Finally, Pope Francis recalled that “Before the evil of this world, He made Himself our servant, and by His service of love, He saved the world. This is the true power that brings about peace. Only those who serve with love build peace. Service makes us go beyond ourselves and care for others. It does not stand by while people and things are destroyed, but rather it protects them; service overcomes that dense pall of indifference that clouds hearts and minds. Thank you, for you are guardians of humanity, for you care with tenderness for the body of Christ, who suffers in the least of his brothers and sisters, the hungry and the stranger, whom you have welcomed”.
The Pope’s speech mirrored a joint declaration signed with the two other religious leaders, in which they said the world could not ignore “the colossal humanitarian crisis.” “We have met on the Greek island of Lesvos to demonstrate our profound concern for the tragic situation of the numerous refugees, migrants and asylum seekers who have come to Europe fleeing from situations of conflict and, in many cases, daily threats to their survival,” it read.
Reminding his fellow Christians that they have a moral obligation to show hospitality to strangers, Ecumenical Patriarch Bartholomew said that Europeans should take inspiration from the generosity of Greeks confronted with a mass influx to their country. His All Holiness, the spiritual leader of the Eastern Orthodox Church – the second largest Christian denomination in the world – urged Europe to stop dividing economic migrants from asylum seekers. His remarks were published in an Italian newspaper a few days ahead of the trip to Lesvos where he accompanied the Head of the Roman Catholic Church. “This question (of refugees) puts me in mind of St Paul’s letter to the Hebrews in which he reminds us not to forget hospitality because those who offer it have sometimes hosted angels without knowing it,” Patriarch Bartholomew said. “Hospitality represents a concrete example of love for our neighbour and the way all Christians should live their lives.”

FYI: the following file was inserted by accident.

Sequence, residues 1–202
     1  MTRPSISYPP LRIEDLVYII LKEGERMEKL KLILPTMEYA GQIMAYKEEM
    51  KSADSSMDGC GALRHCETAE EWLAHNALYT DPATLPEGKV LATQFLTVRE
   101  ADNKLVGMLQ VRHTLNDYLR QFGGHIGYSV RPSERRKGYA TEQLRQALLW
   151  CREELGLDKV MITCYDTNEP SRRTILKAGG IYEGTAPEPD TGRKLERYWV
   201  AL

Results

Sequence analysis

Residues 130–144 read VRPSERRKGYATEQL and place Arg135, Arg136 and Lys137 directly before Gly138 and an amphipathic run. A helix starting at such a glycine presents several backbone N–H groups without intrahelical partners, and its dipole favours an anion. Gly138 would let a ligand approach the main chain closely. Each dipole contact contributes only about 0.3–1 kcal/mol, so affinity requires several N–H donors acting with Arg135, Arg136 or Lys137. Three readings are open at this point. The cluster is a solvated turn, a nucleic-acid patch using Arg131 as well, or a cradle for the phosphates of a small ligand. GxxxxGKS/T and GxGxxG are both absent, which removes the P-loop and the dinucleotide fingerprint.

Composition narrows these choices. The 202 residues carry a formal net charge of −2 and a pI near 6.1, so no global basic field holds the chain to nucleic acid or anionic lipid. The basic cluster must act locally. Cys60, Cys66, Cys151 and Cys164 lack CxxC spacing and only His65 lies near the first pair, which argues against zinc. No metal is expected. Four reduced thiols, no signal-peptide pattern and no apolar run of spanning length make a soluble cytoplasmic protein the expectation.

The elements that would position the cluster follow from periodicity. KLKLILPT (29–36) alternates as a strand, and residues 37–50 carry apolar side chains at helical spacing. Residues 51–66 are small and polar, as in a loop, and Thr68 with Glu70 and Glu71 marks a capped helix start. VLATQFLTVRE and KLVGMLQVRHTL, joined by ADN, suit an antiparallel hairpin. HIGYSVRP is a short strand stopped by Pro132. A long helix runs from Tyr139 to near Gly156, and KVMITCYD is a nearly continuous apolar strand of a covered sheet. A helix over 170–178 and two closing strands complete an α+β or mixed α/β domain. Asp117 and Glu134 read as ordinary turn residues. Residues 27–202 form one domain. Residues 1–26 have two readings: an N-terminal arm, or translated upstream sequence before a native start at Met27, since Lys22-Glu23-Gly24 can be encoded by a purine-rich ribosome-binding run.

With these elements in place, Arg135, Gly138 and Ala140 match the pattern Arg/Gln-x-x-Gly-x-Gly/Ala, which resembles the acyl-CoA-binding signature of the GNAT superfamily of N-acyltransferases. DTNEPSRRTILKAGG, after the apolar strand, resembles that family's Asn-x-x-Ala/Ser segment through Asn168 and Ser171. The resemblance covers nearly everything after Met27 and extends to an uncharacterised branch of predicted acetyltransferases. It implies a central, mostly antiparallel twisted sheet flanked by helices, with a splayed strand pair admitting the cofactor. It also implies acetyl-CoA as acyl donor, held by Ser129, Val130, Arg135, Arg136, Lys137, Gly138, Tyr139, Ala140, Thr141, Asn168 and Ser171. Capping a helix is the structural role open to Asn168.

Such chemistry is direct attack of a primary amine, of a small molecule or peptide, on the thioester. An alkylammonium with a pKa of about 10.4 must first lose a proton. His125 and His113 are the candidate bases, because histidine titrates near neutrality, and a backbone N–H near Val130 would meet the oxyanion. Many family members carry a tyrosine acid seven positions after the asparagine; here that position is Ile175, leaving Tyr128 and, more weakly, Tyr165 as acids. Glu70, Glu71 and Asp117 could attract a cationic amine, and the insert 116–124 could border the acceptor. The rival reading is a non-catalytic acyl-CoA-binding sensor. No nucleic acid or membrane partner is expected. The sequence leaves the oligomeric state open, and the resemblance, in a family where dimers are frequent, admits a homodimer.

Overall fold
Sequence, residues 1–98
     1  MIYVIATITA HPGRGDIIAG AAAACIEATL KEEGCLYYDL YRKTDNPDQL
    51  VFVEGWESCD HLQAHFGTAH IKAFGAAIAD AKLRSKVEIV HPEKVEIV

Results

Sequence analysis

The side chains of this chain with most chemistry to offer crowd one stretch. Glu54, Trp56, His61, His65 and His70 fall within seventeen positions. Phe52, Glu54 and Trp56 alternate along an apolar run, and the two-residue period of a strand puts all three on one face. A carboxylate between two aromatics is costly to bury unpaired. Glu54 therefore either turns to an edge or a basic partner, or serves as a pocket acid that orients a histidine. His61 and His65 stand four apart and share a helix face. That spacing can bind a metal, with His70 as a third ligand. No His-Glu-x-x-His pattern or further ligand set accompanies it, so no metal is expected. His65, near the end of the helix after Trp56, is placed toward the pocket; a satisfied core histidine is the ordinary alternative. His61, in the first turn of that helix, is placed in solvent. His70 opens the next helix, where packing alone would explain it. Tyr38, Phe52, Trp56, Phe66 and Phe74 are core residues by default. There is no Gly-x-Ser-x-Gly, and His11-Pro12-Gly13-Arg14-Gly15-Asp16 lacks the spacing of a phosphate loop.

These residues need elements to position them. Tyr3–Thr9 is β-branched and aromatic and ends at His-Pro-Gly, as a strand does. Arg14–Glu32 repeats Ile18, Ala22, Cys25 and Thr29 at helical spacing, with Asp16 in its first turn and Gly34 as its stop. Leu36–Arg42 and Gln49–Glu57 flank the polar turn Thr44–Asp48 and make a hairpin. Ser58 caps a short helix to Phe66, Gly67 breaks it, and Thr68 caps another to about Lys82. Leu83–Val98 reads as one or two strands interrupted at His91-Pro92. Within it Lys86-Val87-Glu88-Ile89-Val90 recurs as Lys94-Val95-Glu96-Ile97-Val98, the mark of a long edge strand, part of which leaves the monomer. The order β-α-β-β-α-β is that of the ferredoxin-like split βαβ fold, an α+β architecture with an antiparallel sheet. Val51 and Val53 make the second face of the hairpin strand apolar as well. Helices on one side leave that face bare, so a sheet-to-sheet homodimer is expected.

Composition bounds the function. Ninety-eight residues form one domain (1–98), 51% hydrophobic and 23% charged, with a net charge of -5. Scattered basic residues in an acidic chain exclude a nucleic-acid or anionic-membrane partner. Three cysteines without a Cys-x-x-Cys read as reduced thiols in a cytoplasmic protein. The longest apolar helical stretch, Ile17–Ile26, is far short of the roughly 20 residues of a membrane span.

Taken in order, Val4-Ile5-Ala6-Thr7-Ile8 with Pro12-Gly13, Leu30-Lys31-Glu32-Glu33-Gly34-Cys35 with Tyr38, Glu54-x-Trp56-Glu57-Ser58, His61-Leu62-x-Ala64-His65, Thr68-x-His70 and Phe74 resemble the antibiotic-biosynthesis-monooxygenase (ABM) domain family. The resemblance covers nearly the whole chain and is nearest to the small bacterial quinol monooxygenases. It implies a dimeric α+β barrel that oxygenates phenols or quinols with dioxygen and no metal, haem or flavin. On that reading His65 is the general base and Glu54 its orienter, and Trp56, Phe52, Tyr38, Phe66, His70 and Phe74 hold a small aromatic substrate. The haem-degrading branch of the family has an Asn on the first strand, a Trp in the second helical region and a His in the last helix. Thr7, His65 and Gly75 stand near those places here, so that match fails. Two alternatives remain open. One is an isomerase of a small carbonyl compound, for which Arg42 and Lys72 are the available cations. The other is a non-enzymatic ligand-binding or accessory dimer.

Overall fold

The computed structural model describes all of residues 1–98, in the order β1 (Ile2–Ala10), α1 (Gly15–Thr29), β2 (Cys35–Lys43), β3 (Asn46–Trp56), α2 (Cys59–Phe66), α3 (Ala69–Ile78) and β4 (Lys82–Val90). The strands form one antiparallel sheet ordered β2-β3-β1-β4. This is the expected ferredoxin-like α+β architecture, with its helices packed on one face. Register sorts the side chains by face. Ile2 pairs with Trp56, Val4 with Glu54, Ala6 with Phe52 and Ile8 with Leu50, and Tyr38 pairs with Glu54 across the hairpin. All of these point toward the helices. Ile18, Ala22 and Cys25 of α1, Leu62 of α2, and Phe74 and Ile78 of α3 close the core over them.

The Patriarch also said in the interview that this trip to Lesvos would “send a strong message in every direction”. “At this historic time and with the way the refugee crisis is developing, those people who can exercise influence have to work in this spirit,” the he stressed. Patriarch Bartholomew also criticised European policies that distinguish between economic and asylum-seeking refugees and migrants, saying that “The globalisation of the world economy has created a serious crisis of identity for the contemporary world, hunger and misery in many parts of our planet, and this offends God himself.”
The Vatican said that Pope Francis’ five-hour visit to Lesbos was purely humanitarian and religious in nature, not political and not meant as a criticism of the deportation programme. But the Pope’s Spokesman, Federico Lombardi, acknowledged that the Pontiff has previously told Europe it had a “moral obligation” to welcome refugees, and that it was “evident” that the humanitarian crisis in Europe only exists because political solutions to regional conflicts haven’t been found.
“Pope Francis has repeatedly referred to the ills of contemporary models of development and we share this point of view,” Ecumenical Patriarch Bartholomew said, adding, “the segregation of certain groups of people to the advantage of others does not reflect His desire and within this context we must seek new and fairer economic systems.”
Pictured from above: Their Holinesses Pope Francis, Ecumenical Patriarch Bartholomew and His Beatitude Archbishop of Athens and All Greece Ieronymos II deep in prayer as they remember the lost souls drowned in the Mediterranean Sea as they fled to find better lives for themselves and their loved ones; meeting with migrants and refugees at the Moria Refugee Centre on the island of Lesvos; children expressing their desire for peace; Premier Tsipras forms part of the welcoming delegation; the three religious leaders sign a joint declaration in which they said the world could not ignore “the colossal humanitarian crisis”.
(Photos: C. Bonis/Eurokinissi)